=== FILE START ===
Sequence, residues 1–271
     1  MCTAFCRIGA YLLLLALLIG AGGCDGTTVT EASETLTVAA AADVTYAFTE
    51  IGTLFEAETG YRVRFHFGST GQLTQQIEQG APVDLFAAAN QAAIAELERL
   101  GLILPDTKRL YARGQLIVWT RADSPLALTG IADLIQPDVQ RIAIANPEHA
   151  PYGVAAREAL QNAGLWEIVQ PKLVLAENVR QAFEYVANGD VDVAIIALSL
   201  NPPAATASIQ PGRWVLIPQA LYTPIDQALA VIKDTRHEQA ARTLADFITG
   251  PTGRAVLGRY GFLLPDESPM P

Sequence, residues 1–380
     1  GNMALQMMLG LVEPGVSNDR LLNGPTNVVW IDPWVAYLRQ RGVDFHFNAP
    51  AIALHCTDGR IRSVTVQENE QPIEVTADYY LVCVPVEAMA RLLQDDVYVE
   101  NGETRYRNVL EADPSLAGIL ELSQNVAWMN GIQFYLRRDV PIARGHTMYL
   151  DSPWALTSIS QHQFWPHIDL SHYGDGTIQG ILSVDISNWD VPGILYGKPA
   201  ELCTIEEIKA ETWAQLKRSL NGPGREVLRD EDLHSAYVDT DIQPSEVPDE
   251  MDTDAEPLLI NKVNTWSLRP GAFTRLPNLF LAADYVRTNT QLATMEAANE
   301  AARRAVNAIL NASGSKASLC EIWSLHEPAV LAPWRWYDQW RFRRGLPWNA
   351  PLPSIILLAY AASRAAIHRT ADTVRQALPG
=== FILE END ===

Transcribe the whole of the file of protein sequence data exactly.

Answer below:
Sequence, residues 1–271
     1  MCTAFCRIGA YLLLLALLIG AGGCDGTTVT EASETLTVAA AADVTYAFTE
    51  IGTLFEAETG YRVRFHFGST GQLTQQIEQG APVDLFAAAN QAAIAELERL
   101  GLILPDTKRL YARGQLIVWT RADSPLALTG IADLIQPDVQ RIAIANPEHA
   151  PYGVAAREAL QNAGLWEIVQ PKLVLAENVR QAFEYVANGD VDVAIIALSL
   201  NPPAATASIQ PGRWVLIPQA LYTPIDQALA VIKDTRHEQA ARTLADFITG
   251  PTGRAVLGRY GFLLPDESPM P

Sequence, residues 1–380
     1  GNMALQMMLG LVEPGVSNDR LLNGPTNVVW IDPWVAYLRQ RGVDFHFNAP
    51  AIALHCTDGR IRSVTVQENE QPIEVTADYY LVCVPVEAMA RLLQDDVYVE
   101  NGETRYRNVL EADPSLAGIL ELSQNVAWMN GIQFYLRRDV PIARGHTMYL
   151  DSPWALTSIS QHQFWPHIDL SHYGDGTIQG ILSVDISNWD VPGILYGKPA
   201  ELCTIEEIKA ETWAQLKRSL NGPGREVLRD EDLHSAYVDT DIQPSEVPDE
   251  MDTDAEPLLI NKVNTWSLRP GAFTRLPNLF LAADYVRTNT QLATMEAANE
   301  AARRAVNAIL NASGSKASLC EIWSLHEPAV LAPWRWYDQW RFRRGLPWNA
   351  PLPSIILLAY AASRAAIHRT ADTVRQALPG